"It's complete nonsense," he said, according to an Australian website. "In my career, it’s gone from 300 yards was a massive hit to you’re a shorter hitter on tour now, legitimately short. It’s changed the way we play great golf courses and that is the crime. It isn’t that the ball goes 400, that’s neither here nor there. It’s the fact the ball going 400 doesn’t makes Augusta work properly, it functions completely wrong.’’


Full-field scores from the Emirates Australian Open


Ogilvy used an example from American baseball to help get his point across to an Australian audience.

“Major League Baseball in America, they use wooden bats, and everywhere else in baseball they use aluminium bats,’’ he said. “And when the major leaguers use aluminium bats they don’t even have to touch it and it completely destroys their stadiums. It’s just comedy.

“That’s kind of what’s happened to us at least with the drivers of these big hitters; We’ve completely outgrown the stadiums. So do you rebuild every stadium in the world? That’s expensive. Or make the ball go shorter? It seems relatively simple from that perspective.’’

Ogilvy, an Australian who won the 2006 U.S. Open, said he believes there will be a rollback, but admitted it would be a "challenge" for manufacturers to produce a ball that flies shorter for pros but does not lose distance when struck by recreational players.

The golf world celebrates Thanksgiving

By Golf Channel DigitalNovember 23, 2017, 6:01 pm

Here's a look, through social media, at how the golf world celebrates Thanksgiving.

Lexi Thompson:

Baking time!!

A post shared by Lexi Thompson (@lexi) on

David Feherty:

Jack Nicklaus:

GC Tiger Tracker:

Steve Stricker:

Golf Channel:

Frank Nobilo:

Ian Poulter:

Tyrone Van Aswegen:

Happy Thanksgiving: Biggest turkeys of 2017

By Grill Room TeamNovember 23, 2017, 3:00 pm

Thanksgiving brings us golf's biggest turkeys of the year. Donald Trump, Grayson Murray and a certain (now-former) tournament director headline the list. Click here or on the image below to check out all the turkeys.

Tributes pour in for legendary caddie Sheridan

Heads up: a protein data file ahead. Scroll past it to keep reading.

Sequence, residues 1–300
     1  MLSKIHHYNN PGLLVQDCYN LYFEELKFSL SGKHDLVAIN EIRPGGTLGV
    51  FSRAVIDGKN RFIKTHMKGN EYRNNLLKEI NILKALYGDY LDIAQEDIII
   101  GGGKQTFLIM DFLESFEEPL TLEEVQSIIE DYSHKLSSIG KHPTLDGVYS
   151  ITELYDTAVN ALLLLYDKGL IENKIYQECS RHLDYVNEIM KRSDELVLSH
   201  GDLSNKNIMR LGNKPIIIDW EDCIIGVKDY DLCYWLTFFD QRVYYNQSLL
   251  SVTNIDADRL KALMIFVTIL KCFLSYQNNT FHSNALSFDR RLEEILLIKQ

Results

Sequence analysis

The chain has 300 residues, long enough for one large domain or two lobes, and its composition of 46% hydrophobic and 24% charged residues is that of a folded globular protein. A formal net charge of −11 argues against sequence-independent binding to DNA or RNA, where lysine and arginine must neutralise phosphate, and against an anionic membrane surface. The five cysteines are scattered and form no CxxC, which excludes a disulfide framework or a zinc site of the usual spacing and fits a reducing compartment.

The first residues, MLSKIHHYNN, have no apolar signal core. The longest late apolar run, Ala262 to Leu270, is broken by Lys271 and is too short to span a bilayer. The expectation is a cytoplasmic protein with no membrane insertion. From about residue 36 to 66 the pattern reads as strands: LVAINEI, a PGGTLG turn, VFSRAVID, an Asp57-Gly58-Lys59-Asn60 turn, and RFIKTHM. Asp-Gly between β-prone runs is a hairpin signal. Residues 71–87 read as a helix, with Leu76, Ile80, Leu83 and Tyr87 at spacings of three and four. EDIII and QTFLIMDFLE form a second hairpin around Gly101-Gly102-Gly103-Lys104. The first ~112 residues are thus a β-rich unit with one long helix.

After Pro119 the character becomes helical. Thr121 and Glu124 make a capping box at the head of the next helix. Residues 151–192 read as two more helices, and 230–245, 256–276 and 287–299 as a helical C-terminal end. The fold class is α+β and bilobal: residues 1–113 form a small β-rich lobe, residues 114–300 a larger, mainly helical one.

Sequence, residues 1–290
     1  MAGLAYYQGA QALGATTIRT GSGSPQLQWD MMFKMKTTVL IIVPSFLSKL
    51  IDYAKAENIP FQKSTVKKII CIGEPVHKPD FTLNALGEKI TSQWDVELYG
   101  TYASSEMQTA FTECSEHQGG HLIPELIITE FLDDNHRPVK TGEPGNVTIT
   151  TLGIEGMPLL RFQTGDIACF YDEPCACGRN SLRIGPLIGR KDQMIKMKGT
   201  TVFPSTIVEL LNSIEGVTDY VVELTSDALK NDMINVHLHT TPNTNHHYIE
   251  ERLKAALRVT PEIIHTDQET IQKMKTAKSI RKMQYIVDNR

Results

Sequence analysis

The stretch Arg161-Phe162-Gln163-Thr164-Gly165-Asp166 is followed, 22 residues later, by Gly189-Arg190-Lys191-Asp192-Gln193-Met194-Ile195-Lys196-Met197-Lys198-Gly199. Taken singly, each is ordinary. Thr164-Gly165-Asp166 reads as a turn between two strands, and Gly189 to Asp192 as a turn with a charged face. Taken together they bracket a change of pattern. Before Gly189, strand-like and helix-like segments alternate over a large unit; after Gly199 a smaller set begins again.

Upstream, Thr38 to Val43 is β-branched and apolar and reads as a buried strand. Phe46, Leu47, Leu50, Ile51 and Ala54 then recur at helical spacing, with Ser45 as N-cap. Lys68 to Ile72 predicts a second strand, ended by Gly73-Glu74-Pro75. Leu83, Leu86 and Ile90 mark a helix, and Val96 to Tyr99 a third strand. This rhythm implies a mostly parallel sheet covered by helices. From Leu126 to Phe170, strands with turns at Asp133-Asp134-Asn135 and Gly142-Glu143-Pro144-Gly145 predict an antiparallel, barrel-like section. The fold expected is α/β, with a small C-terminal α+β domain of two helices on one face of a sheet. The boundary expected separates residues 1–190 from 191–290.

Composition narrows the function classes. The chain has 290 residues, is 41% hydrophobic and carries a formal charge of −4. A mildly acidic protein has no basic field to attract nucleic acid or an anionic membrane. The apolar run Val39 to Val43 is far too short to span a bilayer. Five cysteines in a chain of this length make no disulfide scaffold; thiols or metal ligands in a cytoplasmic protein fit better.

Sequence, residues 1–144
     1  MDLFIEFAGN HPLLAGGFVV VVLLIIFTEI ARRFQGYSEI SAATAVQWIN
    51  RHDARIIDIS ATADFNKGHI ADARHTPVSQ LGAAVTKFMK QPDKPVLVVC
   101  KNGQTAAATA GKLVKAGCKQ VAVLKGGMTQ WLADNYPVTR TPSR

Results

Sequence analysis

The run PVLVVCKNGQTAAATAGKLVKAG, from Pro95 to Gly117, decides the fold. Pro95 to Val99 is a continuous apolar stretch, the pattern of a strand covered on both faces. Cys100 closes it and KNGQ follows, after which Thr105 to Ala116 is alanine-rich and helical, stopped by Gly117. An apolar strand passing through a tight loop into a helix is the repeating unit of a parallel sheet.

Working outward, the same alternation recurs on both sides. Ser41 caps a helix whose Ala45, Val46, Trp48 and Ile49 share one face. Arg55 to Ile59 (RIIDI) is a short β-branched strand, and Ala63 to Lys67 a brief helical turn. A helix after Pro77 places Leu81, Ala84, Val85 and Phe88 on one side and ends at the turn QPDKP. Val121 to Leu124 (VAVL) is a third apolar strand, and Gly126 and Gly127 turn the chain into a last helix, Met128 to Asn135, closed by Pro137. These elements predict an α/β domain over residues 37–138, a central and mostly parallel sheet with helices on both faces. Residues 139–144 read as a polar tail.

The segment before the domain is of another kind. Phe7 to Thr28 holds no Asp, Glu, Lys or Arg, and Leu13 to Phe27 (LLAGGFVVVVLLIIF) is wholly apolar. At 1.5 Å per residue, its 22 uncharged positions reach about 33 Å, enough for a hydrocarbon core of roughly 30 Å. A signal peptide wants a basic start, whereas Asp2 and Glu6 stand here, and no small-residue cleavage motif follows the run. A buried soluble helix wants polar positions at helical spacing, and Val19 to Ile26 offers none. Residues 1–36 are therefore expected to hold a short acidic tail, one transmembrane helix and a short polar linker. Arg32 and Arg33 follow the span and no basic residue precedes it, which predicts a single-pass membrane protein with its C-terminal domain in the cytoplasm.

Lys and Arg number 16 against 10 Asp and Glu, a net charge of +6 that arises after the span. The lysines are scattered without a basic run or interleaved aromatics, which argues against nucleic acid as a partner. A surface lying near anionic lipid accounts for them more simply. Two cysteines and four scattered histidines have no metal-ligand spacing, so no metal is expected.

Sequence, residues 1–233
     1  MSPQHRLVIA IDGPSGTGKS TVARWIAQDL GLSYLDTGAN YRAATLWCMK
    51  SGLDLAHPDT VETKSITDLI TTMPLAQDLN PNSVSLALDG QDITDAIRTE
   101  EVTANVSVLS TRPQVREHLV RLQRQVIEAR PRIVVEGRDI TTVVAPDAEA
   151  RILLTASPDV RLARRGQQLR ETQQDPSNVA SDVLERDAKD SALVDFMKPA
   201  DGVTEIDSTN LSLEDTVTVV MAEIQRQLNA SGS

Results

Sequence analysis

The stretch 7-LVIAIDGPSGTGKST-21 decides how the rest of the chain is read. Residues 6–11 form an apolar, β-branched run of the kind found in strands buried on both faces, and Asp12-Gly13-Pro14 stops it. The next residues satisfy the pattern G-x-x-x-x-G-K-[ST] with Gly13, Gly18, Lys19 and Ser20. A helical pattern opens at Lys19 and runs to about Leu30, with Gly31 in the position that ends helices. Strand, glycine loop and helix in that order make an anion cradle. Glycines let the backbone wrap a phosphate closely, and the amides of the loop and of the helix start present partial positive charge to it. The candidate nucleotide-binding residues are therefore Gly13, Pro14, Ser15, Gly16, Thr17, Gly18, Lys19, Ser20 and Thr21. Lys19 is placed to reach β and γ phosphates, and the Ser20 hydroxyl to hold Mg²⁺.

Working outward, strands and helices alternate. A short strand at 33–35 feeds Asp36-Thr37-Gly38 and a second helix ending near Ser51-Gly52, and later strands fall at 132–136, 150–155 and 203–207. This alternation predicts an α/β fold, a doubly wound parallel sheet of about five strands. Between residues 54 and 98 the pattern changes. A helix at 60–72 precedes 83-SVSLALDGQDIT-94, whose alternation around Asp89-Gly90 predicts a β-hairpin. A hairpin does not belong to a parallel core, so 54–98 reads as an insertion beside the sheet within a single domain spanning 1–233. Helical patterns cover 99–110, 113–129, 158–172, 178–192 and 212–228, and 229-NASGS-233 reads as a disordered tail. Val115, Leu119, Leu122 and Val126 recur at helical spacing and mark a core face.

By Randall MellNovember 23, 2017, 2:54 pm

Tributes are pouring in as golf celebrates the life of Greg Sheridan after receiving news of his passing.

Sheridan, a long-time LPGA caddie who worked for some of the game’s all-time greats, including Kathy Whitworth and Beth Daniel, died Wednesday in Indian Rocks Beach, Fla., at 63. He was diagnosed in July 2016 with brain and lung cancer.

Sheridan worked the last dozen years or so with Natalie Gulbis, who expressed her grief in an Instagram post on Wednesday:

“Greg…I miss you so much already and it hasn’t even been a day. 15+ seasons traveling the world you carried me & my bag through the highs and lows of golf and life. You were so much more than my teammate on the course…Thank you.”

Sheridan was on Whitworth’s bag for the last of her LPGA-record 88 titles.

“When I first came on tour, I would try to find out how many times Greg won,” Gulbis told Golfweek. “It’s a crazy number, like 50.”

Matthew Galloway, a caddie and friend to Sheridan, summed up Sheridan’s impressive reach after caddying with him one year at the LPGA Founders Cup, where the game’s pioneers are honored.

“Best Greg story,” Galloway tweeted on Thanksgiving morning, “coming up 18 at PHX all the founders were in their chairs. Greg goes, `Yep, caddied for her, her and her.’ Legend.”

In a first-person column for Golf Magazine last year, Gulbis focused on Sheridan while writing about the special bond between players and caddies. She wrote that she won the “looper lottery” when she first hired Sheridan in ’04.

“Greg and I have traveled the world, and today he is like family,” Gulbis wrote. “Sometimes, he’s a psychologist. Last year, my mom got sick and it was a distraction, but he was great. When I used to have boyfriend issues and breakup issues, he was my confidant. In a world where caddies sometimes spill secrets, Greg has kept a respectful silence, and I can’t thank him enough for that. He’s an extension of me.”

Four months after Gulbis wrote the column, Sheridan was diagnosed with cancer.

“The LPGA family is saddened to hear of the loss of long-time tour caddie, Greg Sheridan,” the LPGA tweeted. “Our thoughts and prayers are with his family and players he walked with down the fairways. #RIP.”

Dean Herden was among the legion of caddies saddened by the news.

“Greg was a great guy who I respected a lot and taught me some great things over the years,” Herden texted to GolfChannel.com.

Here are some of heartfelt messages that are rolling across Twitter:

Retired LPGA great Annika Sorenstam:

LPGA commissioner Mike Whan in a retweet of Gulbis:

Golf Channel reporter and former tour player Jerry Foltz:

Christina Kim:

LPGA caddie Shaun Clews:

LPGA caddie Jonny Scott:

LPGA caddie Kevin Casas:

LPGA pro Jennie Lee: